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Working as a retail cosmetics salesperson

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Walk through the fragrance and cosmetics section of most department stores and it's hard to miss the smiling sales professionals eager to share the latest fragrance or provide a complementary make-over. A successful cosmetics salesperson knows what it takes to make customers feel important and is looking to build long-lasting relationships with her clients.

"Great service equals a sale that should result in a customer for life," says Nicole Frack, Estée Lauder regional sales director for southern California. Estée Lauder owns leading cosmetics brands such as M.A.C., Bobbi Brown, Clinique and Origins. Frack notes that experience isn't always needed when applying for a cosmetics counter position: "All you need is a passion for talking to others, a willingness to learn and an understanding of your goals."

What they do

A career in retail cosmetics provides numerous opportunities for advancement. In department stores like Macy's, Nordstrom and Neiman Marcus, most entry-level positions start as counter sales representatives or beauty advisors. This job is to provide professional service to customers by selling and demonstrating cosmetics, as well as to contribute to the overall success of the department through achieving personal sales goals.

As she builds experience and a client base, the counter sales rep can move up to counter manager and oversee other advisors. "Gaining valuable point-of-sale experience is critical to better understanding the consumer mentality, shopping patterns, and daily activities of the sales staff to drive retail sales," says Gigi Kane, an Estée Lauder account executive based in Chicago, Ill.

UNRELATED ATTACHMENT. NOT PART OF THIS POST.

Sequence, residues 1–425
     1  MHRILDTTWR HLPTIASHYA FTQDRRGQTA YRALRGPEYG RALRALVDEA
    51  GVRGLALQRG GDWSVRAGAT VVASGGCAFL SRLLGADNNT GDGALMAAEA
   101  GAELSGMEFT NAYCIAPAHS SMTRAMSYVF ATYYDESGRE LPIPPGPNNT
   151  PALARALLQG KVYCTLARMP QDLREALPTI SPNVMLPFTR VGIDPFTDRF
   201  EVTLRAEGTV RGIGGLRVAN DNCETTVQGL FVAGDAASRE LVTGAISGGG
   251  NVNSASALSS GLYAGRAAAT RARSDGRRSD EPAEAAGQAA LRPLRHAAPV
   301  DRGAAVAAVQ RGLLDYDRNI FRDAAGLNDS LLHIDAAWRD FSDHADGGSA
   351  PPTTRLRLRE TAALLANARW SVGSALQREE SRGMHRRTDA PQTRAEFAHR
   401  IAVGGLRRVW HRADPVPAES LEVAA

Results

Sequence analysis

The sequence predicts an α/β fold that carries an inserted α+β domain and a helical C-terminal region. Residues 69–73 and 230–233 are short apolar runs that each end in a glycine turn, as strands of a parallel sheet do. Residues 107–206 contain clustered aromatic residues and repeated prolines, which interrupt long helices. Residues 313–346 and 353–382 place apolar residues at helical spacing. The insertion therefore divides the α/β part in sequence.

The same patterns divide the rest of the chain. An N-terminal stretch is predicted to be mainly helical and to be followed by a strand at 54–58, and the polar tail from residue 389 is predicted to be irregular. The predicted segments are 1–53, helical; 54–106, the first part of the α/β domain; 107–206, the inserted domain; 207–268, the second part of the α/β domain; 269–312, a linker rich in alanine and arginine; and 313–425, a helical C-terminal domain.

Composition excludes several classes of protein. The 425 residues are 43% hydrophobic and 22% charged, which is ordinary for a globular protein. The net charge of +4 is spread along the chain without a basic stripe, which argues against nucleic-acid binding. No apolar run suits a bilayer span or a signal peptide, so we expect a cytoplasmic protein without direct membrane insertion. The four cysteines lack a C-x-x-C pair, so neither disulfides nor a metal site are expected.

From counter manager, the next move may be a department manager within a store or account coordinator responsible for multiple brands in various locations. The account coordinator acts as a liaison between the vendor and retailer.

Kane says, "The account coordinator could be promoted to an account executive or education executive for a brand. At this point, she is employed by the vendor and will work with a retailer group in many capacities, from hiring/developing staff, to planning and executing marketing calendars, to driving special events and strategies."

What they need

"A person interested in pursuing a career in retail cosmetic sales should already possess some skills in sales and service. It may not be necessary for them to have cosmetics experience, but it is always desirable for an individual to have experience in an industry that is service-oriented, to better understand consumer needs," says Kane. Strong relationship-building and communication skills are also needed.

Frack adds, "Three attributes that are especially important in building a career in cosmetic retail sales are a service-first attitude, resiliency and profit orientation. You need to be great at giving the best service no matter who your customer is that day. I tell my team members, 'service a customer first, then the sales will happen.'"

What they earn

Cosmetics salespeople typically earn hourly wages and receive commissions as a percentage of their sales. Many also receive awards and bonuses tied to sales and special promotions. According to, the average annual salary of a cosmetics clerk is $27,003. The 25th and 75th percentiles are $21,932 and $36,962, respectively. A cosmetics manager typically earns between $31,773 and $57,370, with an average salary of $41,245.

Last Updated: 05/07/2011 - 2:36 PM

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